The term ‘Monster Kid’ is widely applied to generations who grew up during the great monster craze that swept popular culture in America during the 1950s and 1960s.  I came of age in the 1970s and there are plenty of my generation who relate, and adopt, the moniker of Monster Kid as well.

Many of us Monster Kids are far from childhood in our age but have had the privilege of raising kids of our own.  Is it possible to raise modern Monster kids in the digital age?  This Monster Kid Dad is giving it the old college try, with some mixed results.

Through my series, Raising Modern Monster Kids. I’ll keep readers updated on this journey and share my successes – and failures – for all to enjoy.

This is what my 8 year old son wrote in school on Friday:

Raising Modern Monster Kids - 8 year old tells Godzilla's orignRaising Modern Monster Kids 8 year old draws Godzilla

 

As you can tell, my son loves Godzilla.  We saw Godzilla 2014 in the theater last summer and he loved it.  But that wasn’t the first Godzilla movie he saw.  No, Terror of Mechagodilla, King Kong vs Godzilla, Godzilla vs Mothra, Destroy All Monsters, Godzilla: Final Wars and Son of Godzilla all preceded the Legendary reboot in my son’s Godzilla movie viewing.  He’s 8 and he calls out the monsters as guys in suits, but once the giant monster brawls begin, he doesn’t care.

I really liked Legendary’s Godzilla  and I’m okay if this new version becomes my son’s preferred Godzilla.  He’ll have to make his own choices. All I can do is make sure he is exposed to the classic movies that inspired the reboot and hope that he falls for them like I did.

I’m optimistic that I can raise modern monster kids who love the new but treasure the classic.

This one is clearly in the ‘Win’ column!  Enjoy and Happy Memorial Day to all you Monster Kids — young and old!

Howl Through Wednesday with the Wolf Man Collectibles

 Wolf Man Collectibles to Help You Have a Howling Hump Day

The Wolf Man CollectionI’m a Wolf Man fan and have been all my life, so I thought I’d share a few pieces from my Wolf Man collection

Starting from the left, we have my custom clay Wolf Man face sculpture  (sans one fang) that I made in 4th grade art class — still love it in spite of it’s obvious amateur flaws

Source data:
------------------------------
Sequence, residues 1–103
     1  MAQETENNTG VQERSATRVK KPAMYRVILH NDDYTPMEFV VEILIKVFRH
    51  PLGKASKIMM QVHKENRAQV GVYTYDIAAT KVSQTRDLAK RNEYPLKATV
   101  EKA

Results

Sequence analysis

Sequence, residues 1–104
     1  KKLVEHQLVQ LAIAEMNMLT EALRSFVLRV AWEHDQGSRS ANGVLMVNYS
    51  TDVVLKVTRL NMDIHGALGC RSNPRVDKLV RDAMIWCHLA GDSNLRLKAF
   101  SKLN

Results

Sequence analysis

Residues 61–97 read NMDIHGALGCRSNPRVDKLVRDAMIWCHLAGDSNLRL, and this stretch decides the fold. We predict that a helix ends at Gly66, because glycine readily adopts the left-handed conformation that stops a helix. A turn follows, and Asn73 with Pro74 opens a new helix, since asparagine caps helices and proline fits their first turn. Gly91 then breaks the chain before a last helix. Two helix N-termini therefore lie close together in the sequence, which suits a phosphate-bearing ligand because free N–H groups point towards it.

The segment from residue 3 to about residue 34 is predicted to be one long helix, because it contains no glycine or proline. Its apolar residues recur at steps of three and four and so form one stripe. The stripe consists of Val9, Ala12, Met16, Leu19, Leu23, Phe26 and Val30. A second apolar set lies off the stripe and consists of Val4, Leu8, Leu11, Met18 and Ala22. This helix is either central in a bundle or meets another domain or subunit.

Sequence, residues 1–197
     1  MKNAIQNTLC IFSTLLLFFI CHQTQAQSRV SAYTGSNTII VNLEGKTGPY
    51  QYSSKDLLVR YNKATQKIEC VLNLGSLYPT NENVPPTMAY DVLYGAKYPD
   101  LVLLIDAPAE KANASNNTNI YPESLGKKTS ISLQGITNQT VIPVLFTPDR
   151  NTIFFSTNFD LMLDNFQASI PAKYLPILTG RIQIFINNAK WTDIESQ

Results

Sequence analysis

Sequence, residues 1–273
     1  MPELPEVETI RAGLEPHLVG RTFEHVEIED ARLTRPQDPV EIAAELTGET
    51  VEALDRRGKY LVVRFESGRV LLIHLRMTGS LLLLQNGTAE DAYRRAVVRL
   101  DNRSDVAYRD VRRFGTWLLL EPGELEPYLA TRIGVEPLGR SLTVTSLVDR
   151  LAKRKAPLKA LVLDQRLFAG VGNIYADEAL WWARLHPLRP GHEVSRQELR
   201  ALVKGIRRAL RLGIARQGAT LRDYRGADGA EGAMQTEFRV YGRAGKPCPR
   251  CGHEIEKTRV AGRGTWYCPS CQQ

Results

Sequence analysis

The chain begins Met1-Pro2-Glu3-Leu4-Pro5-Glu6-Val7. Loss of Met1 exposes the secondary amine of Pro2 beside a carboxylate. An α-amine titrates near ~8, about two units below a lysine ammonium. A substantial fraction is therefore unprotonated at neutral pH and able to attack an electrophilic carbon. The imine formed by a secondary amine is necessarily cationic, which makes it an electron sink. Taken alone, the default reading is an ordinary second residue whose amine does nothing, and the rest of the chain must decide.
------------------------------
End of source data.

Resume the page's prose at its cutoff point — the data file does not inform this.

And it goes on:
In the center, my 1963 Wolf Man Soaky from Colgate-Palmolive

On the right, my 2009 Funko Force Wolf Man (despite the fact that the package says “The Werewolf”)

We’re half-way through the week and that is enough to get me howling at the moon — have a great day!

What are your favorite Wolf Man collectibles?  Share them and stay away from the wolfsbane!

 

Classic Movie Posters Gallery – Attack of the 50 Foot Woman

Classic Movie Posters Gallery

Attack of the 50 Foot Woman Three Sheet Poster

(click image to enlarge)

Attack of the 50 Foot Woman (Allied Artists, 1958) Three Sheet (41″ X 81″)

This 1958 camp science fiction movie has the unique distinction of being considered one of the worst science fiction movies ever made and one of the most valuable movie posters of all time.

Released on May 19, 1958, Attack of the 50 Foot Woman has become a cult classic and has remained in the public eye largely due to this poster.  The poster is like a comic book cover with its over-the-top action combined with a powerful composition that draws the viewer in.  The poster is serious, while the sci fi romp it promotes is anything but.

artwork is by Reynold Brown.

A master of 1950s matinee movie art, Brown designed so many classic genre movie posters for science fiction and horror classics including Tarantula, House on Haunted Hill and Creature from the Black Lagoon.

I highly recommend the book Reynold Brown: A Life in Pictures to all fans and collectors of vintage movie poster art: 

No six-sheet was produced for this film, making this three-sheet the largest poster format available for this movie.